Georgia’s political crisis puts its democratic future in doubt


End of February, police raided the headquarters of the opposition United National Movement party in Tbilisi, Georgia, to arrest its chairman, Nika Melia. The raid and the arrest, which were broadcast live and videotaped by observers, plunged the eastern European country into deep political crisis. Given Melia’s long-standing role as a thorn in the side of the ruling party, Georgian Dream, her detention appears to be a politically motivated show of force to intimidate critics of the government. The move sparked outrage in Georgia, the European Union and the United States, where members of the United States Congress and human rights organizations have expressed concern.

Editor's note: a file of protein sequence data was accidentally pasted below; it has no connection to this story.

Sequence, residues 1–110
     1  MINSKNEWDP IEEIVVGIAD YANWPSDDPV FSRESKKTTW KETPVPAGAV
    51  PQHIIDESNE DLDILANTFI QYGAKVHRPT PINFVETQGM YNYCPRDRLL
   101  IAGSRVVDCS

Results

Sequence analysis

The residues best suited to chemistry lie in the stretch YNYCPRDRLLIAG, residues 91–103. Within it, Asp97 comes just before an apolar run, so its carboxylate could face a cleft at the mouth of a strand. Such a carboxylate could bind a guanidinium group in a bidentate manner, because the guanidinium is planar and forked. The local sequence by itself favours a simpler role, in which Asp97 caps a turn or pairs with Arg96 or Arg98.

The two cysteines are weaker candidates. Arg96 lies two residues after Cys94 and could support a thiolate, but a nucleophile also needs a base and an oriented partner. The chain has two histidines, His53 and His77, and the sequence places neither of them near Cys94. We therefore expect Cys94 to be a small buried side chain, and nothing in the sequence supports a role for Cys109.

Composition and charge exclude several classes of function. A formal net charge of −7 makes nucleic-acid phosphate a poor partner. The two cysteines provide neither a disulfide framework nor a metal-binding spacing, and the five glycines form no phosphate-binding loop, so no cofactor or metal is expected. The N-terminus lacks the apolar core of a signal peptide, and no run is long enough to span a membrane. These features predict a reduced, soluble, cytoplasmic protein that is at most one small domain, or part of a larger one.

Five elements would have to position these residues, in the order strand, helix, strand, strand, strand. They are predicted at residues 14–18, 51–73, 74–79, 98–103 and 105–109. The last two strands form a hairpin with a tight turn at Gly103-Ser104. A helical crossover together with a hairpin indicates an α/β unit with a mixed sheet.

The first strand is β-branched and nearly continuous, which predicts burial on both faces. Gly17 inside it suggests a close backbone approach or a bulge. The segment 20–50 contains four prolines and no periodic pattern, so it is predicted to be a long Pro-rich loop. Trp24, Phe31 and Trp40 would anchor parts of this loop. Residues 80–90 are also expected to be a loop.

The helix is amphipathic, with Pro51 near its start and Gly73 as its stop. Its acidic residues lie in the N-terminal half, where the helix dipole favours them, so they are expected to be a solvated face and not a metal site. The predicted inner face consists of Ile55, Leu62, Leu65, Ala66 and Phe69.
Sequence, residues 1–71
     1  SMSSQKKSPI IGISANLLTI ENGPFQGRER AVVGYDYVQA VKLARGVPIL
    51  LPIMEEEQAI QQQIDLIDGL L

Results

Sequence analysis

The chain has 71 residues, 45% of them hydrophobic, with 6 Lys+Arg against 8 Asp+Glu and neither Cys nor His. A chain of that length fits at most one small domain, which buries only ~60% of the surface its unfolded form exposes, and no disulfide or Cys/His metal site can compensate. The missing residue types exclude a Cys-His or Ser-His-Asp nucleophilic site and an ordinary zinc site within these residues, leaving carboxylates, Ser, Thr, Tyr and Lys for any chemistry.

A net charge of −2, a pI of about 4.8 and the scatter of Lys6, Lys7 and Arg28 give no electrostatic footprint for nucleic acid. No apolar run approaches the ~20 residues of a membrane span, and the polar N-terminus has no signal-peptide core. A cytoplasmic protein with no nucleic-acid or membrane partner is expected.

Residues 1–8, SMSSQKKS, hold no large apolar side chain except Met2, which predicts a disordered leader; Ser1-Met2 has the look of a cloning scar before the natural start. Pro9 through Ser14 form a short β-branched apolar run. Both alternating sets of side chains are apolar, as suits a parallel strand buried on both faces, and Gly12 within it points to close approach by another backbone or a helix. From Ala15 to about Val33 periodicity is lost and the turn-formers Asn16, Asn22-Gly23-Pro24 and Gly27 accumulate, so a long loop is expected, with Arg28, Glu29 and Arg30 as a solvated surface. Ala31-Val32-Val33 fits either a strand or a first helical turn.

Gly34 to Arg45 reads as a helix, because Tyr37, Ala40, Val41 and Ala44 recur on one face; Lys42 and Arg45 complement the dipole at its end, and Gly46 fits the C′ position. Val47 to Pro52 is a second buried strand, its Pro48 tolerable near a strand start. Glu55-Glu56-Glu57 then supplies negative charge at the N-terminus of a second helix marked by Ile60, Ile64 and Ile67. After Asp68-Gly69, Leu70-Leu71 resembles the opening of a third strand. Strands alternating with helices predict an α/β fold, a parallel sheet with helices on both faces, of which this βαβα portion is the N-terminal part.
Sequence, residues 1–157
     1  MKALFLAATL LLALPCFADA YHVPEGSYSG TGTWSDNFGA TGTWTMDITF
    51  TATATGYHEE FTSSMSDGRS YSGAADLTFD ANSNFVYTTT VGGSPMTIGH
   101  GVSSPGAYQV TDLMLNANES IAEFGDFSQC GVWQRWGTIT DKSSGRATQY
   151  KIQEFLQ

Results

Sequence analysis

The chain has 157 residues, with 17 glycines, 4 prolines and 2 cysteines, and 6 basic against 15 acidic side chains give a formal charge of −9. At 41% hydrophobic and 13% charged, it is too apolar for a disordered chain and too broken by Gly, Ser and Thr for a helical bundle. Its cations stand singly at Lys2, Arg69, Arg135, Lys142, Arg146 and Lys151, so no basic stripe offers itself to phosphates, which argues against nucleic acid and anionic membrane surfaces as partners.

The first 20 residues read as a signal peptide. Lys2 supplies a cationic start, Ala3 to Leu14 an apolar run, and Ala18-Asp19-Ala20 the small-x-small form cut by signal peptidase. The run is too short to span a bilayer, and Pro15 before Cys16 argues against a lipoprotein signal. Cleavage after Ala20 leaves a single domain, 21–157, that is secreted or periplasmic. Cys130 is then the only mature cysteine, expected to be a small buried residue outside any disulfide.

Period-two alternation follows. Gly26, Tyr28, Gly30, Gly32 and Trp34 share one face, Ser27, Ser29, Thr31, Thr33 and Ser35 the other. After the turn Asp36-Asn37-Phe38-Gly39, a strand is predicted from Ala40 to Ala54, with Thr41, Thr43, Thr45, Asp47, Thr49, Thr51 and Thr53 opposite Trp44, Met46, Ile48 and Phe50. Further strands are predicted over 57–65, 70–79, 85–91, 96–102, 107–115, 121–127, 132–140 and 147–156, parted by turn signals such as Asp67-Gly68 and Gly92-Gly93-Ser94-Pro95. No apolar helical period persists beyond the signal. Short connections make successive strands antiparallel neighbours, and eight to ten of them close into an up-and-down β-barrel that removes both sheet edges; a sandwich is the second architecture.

The incident raises clear questions about Georgia’s democratic trajectory. For nearly two decades, the former Soviet republic was hailed as one of the region’s most successful democracies. However, a closer examination of political developments since its 2003 “Rose Revolution” reveals repeated oscillations between democratic promise and authoritarian retreat.

The country is now experiencing another of these fluctuations. Melia’s arrest could also complicate President Joe Biden’s renewed efforts to prioritize human rights in US foreign policy, as Georgia would normally be a natural partner in promoting political reform and a likely participant. at the summit on democracy planned by the administration.

The hostility between the United National Opposition Movement, or UNM, and Georgia Dream, or GD, is …


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